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Eviction FAQ

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One of my roommates cannot pay their rent. The landlord is threatening to evict. Will my landlord just evict my roommate, or can all of us be evicted?

Joint and several liability means that all the tenants on a lease are responsible for all the rent and all of the damages, regardless of how they divide rent and other financial issues and responsibilities among themselves. If one person does not pay the rent, the other tenants are liable for that share of the rent, or they are all subject to eviction for non-payment of rent. It is up to the tenants, not the landlord, to collect from the non-paying tenant. However, how eviction is handled is up to the individual landlord, as long as they comply with Colorado State Statutes and Boulder Municipal Codes, and the landlord may allow some alternative solution to the problem, such as replacing the delinquent tenant with a new tenant on the lease. A landlord may also choose to evict one tenant on a lease. Tenants cannot evict other tenants (although in sublease situations, they may be able to--an attorney should be consulted in this situation).

Can my landlord just kick me out of my house?

If you have violated a term of your lease there is a process that the landlord has to go through to have their tenants evicted. They first must post a three day notice (see links below for forms) on the tenant's door stating that they must comply with the lease terms or move out. The tenant then has three days to comply with the term of the lease the landlord noted ("fix" the problem), or leave the premises. If the tenant remains but does not fix the problem, then the landlord may file for eviction in court (officially known as Forced Entry and Detainer, or FED Court). If the tenant has received repeated three day notices, or if the lease violation is extremely serious, the landlord does not have to give the tenant an opportunity to fix the problem, and they can proceed with eviction if the tenant has not voluntarily vacated the property in three days.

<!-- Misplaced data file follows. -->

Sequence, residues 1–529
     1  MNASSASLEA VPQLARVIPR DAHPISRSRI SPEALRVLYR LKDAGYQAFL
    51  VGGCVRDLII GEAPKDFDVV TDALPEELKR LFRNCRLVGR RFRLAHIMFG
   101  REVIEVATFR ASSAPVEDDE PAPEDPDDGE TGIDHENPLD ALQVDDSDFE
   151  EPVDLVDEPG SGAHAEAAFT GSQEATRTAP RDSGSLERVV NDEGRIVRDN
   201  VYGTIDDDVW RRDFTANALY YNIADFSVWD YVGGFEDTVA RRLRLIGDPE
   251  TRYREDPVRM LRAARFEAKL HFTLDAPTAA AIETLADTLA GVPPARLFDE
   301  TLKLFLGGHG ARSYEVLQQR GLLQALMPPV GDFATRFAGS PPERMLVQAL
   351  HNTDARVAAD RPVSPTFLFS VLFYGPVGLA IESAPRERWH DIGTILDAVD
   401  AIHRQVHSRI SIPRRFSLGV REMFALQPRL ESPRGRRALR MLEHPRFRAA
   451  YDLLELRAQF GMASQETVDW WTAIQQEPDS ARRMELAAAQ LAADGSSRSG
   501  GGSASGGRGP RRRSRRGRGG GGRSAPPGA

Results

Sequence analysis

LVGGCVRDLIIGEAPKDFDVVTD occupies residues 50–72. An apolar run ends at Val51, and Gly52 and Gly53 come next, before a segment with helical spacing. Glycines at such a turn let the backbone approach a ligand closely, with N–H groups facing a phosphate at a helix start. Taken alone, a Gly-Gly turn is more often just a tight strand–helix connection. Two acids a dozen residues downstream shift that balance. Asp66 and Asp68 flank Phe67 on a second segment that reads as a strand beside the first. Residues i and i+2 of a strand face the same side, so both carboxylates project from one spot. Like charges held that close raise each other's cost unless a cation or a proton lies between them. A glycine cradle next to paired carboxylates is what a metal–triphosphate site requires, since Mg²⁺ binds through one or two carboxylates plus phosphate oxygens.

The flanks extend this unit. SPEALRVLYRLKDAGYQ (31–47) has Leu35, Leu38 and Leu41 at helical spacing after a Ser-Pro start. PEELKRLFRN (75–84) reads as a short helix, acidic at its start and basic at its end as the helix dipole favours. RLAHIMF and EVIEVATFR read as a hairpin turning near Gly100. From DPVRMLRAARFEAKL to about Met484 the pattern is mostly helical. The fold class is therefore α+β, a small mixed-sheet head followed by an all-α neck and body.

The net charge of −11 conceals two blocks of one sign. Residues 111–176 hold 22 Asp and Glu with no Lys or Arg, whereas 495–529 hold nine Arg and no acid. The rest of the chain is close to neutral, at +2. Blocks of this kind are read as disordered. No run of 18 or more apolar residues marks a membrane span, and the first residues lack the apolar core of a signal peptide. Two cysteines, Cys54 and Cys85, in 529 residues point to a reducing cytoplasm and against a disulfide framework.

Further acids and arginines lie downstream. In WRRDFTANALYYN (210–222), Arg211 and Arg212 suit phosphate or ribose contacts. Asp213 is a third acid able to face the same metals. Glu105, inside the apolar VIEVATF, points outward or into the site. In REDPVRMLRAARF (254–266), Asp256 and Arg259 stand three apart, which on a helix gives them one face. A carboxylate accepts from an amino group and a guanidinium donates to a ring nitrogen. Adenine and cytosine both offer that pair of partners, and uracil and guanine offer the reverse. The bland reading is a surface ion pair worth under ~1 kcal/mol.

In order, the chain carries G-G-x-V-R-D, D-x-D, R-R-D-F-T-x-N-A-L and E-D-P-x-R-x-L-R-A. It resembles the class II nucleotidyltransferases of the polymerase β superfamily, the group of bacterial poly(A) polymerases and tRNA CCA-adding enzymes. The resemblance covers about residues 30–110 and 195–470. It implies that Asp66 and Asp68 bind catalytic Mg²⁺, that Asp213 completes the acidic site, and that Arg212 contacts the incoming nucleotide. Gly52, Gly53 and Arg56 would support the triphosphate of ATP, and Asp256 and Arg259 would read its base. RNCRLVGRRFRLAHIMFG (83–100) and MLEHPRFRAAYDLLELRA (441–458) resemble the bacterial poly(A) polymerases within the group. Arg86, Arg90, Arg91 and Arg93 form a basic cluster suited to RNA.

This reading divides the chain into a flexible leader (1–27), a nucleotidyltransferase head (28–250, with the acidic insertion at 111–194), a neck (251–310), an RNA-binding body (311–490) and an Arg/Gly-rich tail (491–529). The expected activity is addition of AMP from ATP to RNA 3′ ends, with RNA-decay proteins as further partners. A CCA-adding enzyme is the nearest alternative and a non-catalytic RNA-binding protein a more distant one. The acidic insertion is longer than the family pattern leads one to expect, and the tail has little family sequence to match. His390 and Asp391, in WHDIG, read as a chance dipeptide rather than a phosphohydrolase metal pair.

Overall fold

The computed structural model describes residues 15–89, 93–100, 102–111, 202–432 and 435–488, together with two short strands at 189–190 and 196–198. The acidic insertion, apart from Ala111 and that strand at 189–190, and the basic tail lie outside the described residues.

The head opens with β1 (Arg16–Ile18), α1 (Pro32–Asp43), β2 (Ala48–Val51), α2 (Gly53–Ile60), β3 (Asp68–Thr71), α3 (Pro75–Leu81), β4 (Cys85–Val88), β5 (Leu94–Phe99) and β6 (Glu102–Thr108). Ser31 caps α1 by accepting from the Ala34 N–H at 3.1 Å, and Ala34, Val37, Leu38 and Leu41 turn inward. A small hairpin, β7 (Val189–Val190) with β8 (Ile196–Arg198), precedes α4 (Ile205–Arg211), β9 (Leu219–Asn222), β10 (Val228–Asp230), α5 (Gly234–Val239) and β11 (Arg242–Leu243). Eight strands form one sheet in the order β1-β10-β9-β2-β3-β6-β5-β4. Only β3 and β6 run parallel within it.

If the landlord files an eviction suit, the tenant will be notified of the court date and then both tenant and landlord will go court to provide their sides of the story. The judge will then rule for or against eviction or, if more information is needed to make a decision, they will set a hearing date, generally within one week's time. If the judge rules for eviction, the tenant must vacate the premises within 48 hours. If the tenant does not vacate within 48 hours, the landlord can call the sheriff and conduct a supervised move-out of the tenant's belongings and physically remove the tenant from the property.

It is illegal for a landlord to remove a tenant or lock them out of their property without first going through the eviction process.

Any party who fails to appear for their hearing in eviction court will likely receive a ruling against them. Tenants should make every effort to come to their court date as they will often be given a chance to negotiate a better outcome with the landlord or the landlord's representative.

Is getting evicted a good way of getting out of a lease early?

No. If you get evicted, the eviction goes on your record, will appear in background checks and will most likely make it difficult for you to rent in the future. In addition, eviction may not release the tenant from the terms of the lease. The tenant may still be responsible for paying rent to the landlord until the landlord can re-rent the property.